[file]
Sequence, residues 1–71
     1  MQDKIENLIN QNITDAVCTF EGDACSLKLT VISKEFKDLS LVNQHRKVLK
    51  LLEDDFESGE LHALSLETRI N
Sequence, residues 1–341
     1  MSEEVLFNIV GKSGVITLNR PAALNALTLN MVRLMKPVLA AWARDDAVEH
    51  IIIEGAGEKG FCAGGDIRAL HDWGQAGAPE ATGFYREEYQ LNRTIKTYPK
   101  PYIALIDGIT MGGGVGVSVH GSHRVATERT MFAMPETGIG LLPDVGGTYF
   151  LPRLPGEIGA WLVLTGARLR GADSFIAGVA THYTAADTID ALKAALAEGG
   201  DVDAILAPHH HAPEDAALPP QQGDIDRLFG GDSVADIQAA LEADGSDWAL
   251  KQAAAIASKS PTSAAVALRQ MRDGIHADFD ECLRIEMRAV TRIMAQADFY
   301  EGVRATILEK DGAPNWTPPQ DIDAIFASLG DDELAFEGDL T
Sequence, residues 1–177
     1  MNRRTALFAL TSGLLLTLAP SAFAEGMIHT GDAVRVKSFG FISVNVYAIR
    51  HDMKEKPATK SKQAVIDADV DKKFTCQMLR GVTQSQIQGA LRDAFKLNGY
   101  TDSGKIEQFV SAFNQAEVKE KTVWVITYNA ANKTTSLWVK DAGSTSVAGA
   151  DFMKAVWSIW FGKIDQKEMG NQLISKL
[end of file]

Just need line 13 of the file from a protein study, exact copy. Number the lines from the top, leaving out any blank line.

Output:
     1  MNRRTALFAL TSGLLLTLAP SAFAEGMIHT GDAVRVKSFG FISVNVYAIR